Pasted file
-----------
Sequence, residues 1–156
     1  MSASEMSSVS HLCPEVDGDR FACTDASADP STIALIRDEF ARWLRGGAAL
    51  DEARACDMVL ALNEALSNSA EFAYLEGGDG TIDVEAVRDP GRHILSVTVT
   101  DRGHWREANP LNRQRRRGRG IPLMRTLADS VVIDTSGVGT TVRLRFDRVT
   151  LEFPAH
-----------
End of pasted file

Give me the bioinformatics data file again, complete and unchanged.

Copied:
Sequence, residues 1–156
     1  MSASEMSSVS HLCPEVDGDR FACTDASADP STIALIRDEF ARWLRGGAAL
    51  DEARACDMVL ALNEALSNSA EFAYLEGGDG TIDVEAVRDP GRHILSVTVT
   101  DRGHWREANP LNRQRRRGRG IPLMRTLADS VVIDTSGVGT TVRLRFDRVT
   151  LEFPAH